Philippine Tropical Disease Research Training Consortium. Participating centers: College of Public Health, University of The Philippines Manila; Clinical Epidemiology Unit, College of Medicine, University of The Philippines Manila; College of Social Sciences and Philosophy, University of The Philippines Diliman; Research Institute for Tropical Medicine, Department of Health. Topics: biomedical research, public health, clinical and social sciences as related to malaria, schistosomiasis, lymphatic filariasis and leprosy. Level: graduate and post-doc. Duration: at least 2 years (shorter-term training by arrangement). Starting: March 1995. Deadline for submission: 15 September 1994. Information from: Dr. Wilfred U. Tiu, College of Public Health, University of The Philippines Manila, P.O. Box EA-460 Ermita, Manila, The Philippines [tel: 63-2/ 596.808; fax: 63-2/521.1394] -TDR news 44 (1994) 5



WHO IMMYC and THEMYC meetings announced. Tentative upcoming IMMYC and THEMYC meetings are shown below.


-TDR news 44 (1994) 7


U.K. ILEP expenditures. In 1993, US$3,332,638 (27%) of ILEP expenditure in India directly assisted the activities of the National Leprosy Eradication Programme supplying drugs, and providing for support for district MDT programs and AMPLE programs. With more than 1100 projects in 106 countries, leprosy expenditure (in US dollars) by ILEP members in 1993 was: Control $46.91 million (66%), training $4.12 million (6%), field administration $7.45 million (10%), care/rehabilitation $4.02 million (6%), field support varia $3.53 million (5%), research projects $3.28 million (5%), and journals and congress $1.28 million (2%)-a total of US$70.59 million. ILEP has budgeted US$67 million for leprosy work in 1994.-ilep PANORAMA 1994



Should aid organizations be calculating the cost of death?

"Where should developing countries invest their scarce and precious health care dollars? Is tuberculosis a more important and more easily soluble problem than AIDS? Should the major push be in acute respiratory infections in infancy? Or should developing countries focus on preventing the terrible tobacco scourge of the western world?" (WAT newsletter May 1994, p. 2)

With finite budgets and seemingly limitless disease and disability it is inevitable that governments should make funding decisions based on the comparative economic impact of each disease.

In 1993, in view of limited public health spending, the World Bank published a report which attempted to determine which disease justified the most urgent attention. A common-standard was devised, the "disability-adjusted life year," or DALY, to help make these comparisons. The World Bank is using the DALY to measure the number of health years of life lost through premature death or disability and to assess the cost of a disease to the economy. Should aid organizations, however, be using these comparisons to raise funds?

With 2.7 million annual deaths tuberculosis has become the leading infectious killer of adults. Tuberculosis programs are nevertheless desperately short of funds. Leprosy is the top disabling disease with over 200,000 disabled patients a year. Can disabling diseases be compared with terminal diseases?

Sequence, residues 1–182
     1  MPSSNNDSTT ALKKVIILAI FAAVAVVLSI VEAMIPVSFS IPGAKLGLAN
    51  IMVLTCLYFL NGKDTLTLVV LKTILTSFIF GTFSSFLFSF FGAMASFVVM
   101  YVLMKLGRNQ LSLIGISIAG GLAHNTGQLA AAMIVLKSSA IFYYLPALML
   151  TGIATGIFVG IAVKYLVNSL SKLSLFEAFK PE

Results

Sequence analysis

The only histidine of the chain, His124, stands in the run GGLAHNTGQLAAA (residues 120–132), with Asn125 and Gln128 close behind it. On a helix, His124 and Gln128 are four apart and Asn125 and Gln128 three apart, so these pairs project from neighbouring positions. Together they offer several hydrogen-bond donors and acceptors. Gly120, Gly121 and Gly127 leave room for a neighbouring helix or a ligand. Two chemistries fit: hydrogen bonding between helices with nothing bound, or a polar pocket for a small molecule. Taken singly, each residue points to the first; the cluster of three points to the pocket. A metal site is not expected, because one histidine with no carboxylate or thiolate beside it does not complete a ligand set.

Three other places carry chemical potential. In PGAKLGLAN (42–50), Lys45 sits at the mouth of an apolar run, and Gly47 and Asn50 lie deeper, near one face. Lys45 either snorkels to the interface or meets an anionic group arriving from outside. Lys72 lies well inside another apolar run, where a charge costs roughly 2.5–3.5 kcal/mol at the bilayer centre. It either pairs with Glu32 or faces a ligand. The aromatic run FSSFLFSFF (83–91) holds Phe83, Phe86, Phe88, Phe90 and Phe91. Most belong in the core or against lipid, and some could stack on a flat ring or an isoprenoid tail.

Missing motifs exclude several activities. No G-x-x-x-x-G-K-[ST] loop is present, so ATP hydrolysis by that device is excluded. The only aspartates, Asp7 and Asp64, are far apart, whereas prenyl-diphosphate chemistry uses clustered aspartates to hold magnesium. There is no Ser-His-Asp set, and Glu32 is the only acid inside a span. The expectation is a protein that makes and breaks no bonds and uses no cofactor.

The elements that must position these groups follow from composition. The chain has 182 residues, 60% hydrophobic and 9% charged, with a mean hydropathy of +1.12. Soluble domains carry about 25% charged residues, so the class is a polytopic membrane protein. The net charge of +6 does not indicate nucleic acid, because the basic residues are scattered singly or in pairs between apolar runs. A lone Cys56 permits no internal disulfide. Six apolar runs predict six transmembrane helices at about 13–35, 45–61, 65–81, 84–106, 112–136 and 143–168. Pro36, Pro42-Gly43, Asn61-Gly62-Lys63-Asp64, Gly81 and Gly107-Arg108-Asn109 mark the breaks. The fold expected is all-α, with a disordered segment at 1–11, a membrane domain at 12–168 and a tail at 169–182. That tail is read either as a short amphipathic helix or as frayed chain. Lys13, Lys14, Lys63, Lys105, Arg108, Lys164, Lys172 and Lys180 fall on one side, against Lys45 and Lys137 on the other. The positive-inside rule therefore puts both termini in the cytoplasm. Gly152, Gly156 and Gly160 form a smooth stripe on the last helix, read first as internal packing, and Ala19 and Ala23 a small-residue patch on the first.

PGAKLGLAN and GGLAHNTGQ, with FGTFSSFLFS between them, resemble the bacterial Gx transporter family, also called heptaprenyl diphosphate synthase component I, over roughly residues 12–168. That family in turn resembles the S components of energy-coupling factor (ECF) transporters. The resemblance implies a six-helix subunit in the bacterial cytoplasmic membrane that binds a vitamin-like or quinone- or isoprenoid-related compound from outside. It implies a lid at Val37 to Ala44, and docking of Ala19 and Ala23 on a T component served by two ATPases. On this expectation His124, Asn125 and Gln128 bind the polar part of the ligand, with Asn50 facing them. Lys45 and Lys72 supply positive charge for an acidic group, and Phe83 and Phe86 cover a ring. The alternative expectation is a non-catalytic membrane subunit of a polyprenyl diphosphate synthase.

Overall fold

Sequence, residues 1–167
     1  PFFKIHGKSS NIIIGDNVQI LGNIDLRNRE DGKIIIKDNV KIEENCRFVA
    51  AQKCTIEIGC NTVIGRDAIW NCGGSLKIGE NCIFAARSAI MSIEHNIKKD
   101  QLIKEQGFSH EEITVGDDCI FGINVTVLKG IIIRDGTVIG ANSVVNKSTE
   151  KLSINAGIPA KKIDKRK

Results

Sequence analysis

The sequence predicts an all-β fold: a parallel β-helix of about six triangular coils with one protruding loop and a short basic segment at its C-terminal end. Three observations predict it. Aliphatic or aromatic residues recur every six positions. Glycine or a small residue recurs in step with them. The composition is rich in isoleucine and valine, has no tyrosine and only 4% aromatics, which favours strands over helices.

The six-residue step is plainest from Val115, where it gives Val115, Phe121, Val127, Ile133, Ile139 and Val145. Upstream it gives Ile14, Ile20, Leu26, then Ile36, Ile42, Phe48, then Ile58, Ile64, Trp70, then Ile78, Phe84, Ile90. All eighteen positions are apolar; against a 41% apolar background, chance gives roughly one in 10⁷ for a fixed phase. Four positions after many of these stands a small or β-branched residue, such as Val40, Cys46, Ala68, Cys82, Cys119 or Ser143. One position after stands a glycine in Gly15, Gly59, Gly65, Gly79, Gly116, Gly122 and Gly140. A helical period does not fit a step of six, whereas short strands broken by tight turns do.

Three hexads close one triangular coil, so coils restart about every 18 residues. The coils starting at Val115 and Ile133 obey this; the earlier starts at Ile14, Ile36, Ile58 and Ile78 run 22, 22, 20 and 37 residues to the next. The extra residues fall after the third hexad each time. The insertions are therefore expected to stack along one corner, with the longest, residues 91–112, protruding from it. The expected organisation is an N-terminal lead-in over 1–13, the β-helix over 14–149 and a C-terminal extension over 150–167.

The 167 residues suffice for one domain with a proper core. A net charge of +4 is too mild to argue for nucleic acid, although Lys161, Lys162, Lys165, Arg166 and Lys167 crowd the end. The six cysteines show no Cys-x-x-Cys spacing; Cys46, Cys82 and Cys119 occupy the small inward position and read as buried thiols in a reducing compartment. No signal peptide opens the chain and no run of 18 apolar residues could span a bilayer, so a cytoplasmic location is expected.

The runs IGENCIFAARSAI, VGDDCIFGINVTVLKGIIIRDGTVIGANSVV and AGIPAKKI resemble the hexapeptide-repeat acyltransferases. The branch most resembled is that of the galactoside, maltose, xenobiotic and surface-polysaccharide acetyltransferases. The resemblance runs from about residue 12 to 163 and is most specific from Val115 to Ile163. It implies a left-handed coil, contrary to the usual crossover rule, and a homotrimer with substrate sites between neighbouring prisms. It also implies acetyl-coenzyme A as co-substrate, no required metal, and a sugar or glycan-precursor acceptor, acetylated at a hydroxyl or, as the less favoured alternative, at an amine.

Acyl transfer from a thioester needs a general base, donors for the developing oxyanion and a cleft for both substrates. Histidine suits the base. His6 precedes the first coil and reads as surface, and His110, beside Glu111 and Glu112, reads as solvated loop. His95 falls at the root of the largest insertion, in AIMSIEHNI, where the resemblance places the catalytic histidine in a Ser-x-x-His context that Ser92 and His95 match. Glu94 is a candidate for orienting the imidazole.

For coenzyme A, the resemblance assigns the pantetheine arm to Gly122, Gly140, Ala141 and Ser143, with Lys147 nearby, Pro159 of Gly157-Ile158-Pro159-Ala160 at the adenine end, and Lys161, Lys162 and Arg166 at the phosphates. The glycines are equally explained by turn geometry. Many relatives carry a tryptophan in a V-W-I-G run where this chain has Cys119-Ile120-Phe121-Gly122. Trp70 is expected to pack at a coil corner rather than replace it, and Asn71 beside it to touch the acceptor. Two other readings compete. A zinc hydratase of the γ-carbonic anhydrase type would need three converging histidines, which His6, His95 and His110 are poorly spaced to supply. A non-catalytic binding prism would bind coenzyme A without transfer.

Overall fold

Diseases such as tuberculosis and AIDS arc on the increase and quite properly are attracting ever greater attention. It is likely, but not inevitable, that this will cause a drop in funding for leprosy programs. As "competition" increases for ever scarcer funding, leprosy runs the risk of being seen as a disease under control and in decline.

Many organizations, in an effort to maintain funding, are presenting leprosy as a situation where investment pays dividends; by preventing so many people from becoming disabled or deformed, money spent on antileprosy efforts is money saved for countries and their development-money that can be put to other health work. Leprosy work is, in other words, cost-effective. The flip side of this argument is that some diseases are not cost-effective. Should we be using an argument which encourages the calculation of the economic worth of each individual to society?

Equally or perhaps more cost-effective is to utilize the existing leprosy infrastructure for the control of other diseases. This is not a new approach. In Tanzania, to cite but one example, a National Tuberculosis and Leprosy Programme, fully integrated into the national health infrastructure, has been running since 1977. Several ILEP Members fund combined programs tackling more than one health problem (sec FLASH 1/94). DAHW have recently published information stating the many similarities between leprosy and tuberculosis and the advantages inherent in a combined treatment strategy. Both diseases are most widely associated with poverty; both are known to cause a considerable stigma and psychosocial impact; both need a secure regular supply of drugs but can be treated on an ambulatory basis.

In some areas leprosy work is successfully being integrated into the primary health care system. This can only provide an equivalent standard of care for leprosy patients if the primary health system is adequately funded.